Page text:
PropertyGrid does not have built-in support for passwords. If your data has password property that you want to allow the user to edit, you will need to create a custom editor. This article describes one such custom editor.

Creating custom editors for PropertyGrid is a matter of defining a new Style for the editor control that is embedded inside the PropertyGridItem associated with the property which is to be edited. The simplest solution for making a password editor is to base it on the PasswordBox control that is part of WPF.

First thing to note is that PasswordBox does not allow binding to its Password property. We can get around that with a behavior. A behavior is simply an AttachedDependencyProperty that does something in response to a change in value. Here is such a behavior, which can be copied and pasted into your application somewhere:

public static class PasswordBoxBehavior
    private const string _UnsetValue = "UnsetValue";

    /// <Summary>
    /// Implements a behavior which allows binding a PasswordBox to its Password value.
    /// </Summary>
    public static readonly DependencyProperty PasswordProperty =
        DependencyProperty.RegisterAttached("Password", typeof(String), typeof(PasswordBoxBehavior), new PropertyMetadata(_UnsetValue,
            (s, e) =>
                var passwordBox = (PasswordBox)s;

                if (Equals(e.OldValue, _UnsetValue))
                    passwordBox.PasswordChanged += PasswordBox_PasswordChanged;
                else if (Equals(e.NewValue, _UnsetValue))
                    passwordBox.PasswordChanged -= PasswordBox_PasswordChanged;

                if (!Equals(passwordBox.Password, e.NewValue))
                    passwordBox.Password = (string)e.NewValue;

    public static String GetPassword(PasswordBox obj)
        return (String)obj.GetValue(PasswordProperty);
    public static void SetPassword(PasswordBox obj, String value)
        obj.SetValue(PasswordProperty, value);

    static void PasswordBox_PasswordChanged(object sender, RoutedEventArgs e)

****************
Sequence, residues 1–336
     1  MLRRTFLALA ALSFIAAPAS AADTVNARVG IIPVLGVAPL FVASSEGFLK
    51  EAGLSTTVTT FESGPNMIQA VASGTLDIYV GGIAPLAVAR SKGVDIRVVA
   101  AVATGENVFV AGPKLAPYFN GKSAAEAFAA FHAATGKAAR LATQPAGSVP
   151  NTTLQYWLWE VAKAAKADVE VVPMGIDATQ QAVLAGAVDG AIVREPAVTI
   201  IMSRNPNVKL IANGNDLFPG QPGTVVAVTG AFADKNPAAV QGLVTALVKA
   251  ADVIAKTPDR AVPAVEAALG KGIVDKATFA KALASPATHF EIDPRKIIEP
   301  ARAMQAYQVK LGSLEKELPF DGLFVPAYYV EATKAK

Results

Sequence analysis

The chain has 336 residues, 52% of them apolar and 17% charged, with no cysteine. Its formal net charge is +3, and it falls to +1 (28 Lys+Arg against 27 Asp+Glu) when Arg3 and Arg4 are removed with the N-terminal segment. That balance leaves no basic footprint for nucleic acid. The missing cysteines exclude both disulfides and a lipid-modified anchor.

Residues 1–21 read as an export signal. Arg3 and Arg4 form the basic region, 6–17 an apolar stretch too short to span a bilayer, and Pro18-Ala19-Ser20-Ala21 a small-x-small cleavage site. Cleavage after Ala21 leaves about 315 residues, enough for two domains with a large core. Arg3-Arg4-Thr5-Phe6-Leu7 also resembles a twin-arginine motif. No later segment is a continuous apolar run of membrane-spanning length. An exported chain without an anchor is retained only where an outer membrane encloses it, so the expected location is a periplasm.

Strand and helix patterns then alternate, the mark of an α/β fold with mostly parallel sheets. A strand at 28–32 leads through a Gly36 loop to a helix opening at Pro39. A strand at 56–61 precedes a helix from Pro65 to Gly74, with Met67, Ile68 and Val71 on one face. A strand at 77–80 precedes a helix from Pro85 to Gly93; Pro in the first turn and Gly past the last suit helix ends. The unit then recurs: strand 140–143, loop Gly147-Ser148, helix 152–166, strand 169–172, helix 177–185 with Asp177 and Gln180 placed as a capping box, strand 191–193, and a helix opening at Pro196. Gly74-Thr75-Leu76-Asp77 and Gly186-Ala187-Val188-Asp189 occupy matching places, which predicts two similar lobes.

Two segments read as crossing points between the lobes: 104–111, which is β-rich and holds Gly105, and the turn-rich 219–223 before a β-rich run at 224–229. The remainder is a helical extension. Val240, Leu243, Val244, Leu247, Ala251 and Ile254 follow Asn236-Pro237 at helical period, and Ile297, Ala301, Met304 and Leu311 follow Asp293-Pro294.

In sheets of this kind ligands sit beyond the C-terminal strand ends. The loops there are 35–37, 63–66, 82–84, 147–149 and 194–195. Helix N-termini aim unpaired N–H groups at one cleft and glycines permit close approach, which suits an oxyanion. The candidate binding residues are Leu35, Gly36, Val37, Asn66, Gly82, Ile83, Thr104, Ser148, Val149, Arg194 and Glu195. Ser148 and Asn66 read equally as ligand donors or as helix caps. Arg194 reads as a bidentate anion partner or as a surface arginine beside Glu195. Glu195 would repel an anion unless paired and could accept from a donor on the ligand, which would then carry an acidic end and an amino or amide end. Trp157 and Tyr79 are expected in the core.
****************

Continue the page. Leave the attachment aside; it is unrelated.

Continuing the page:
var passwordBox = (PasswordBox)sender;
        SetPassword(passwordBox, passwordBox.Password);

WARNING: PasswordBox does not allow binding to its Password property for security reasons. Use the above behavior to circumvent that restriction at your own risk!

Next, we define a Style that targets DevComponents.WPF.Controls.PropertyGridEditor and uses a PasswordBox with the above behavior. This style needs to be accessible by the PropertyGrid. A good place for it would be in the Resources of the Window (or Page, or UserControl) where the PropertyGrid is located. Here is the style (note ctrls = DevComponents.WPF.Controls)

<Style x:Key="PasswordEditorStyle" TargetType="ctrls:PropertyGridEditor">
    <Setter Property="Template">
            <ControlTemplate TargetType="ctrls:PropertyGridEditor">
                <Border Name="Bdr" Background="Transparent" BorderThickness="1">
                    <PasswordBox BorderThickness="0" VerticalContentAlignment="Center"
                                 local:PasswordBoxBehavior.Password="{Binding RelativeSource={RelativeSource TemplatedParent}, 
                                 Path=Value, Mode=TwoWay, UpdateSourceTrigger=PropertyChanged}" />
                    <Trigger Property="IsMouseOver" Value="True">
                        <Setter TargetName="Bdr" Property="BorderBrush" 
                             Value="{DynamicResource {x:Static ctrls:PropertyGridEditor.TextBoxMouseOverBorderBrushKey}}" />

Finally, we need a PropertyDefinition that links up the editor for the password property with the style defined above. Assuming that the property in question is named “Password”, this would look something like:

<ctrls:PropertyGrid ....>
        <ctrls:PropertyDefinition TargetPropertyName="Password" 
                                 EditorStyle="{StaticResource PasswordEditorStyle}" />

That’s It!!

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  4. WPF Color Control Quick Start Guide
  5. Circular Progress Control (WPF) Quick Start Guide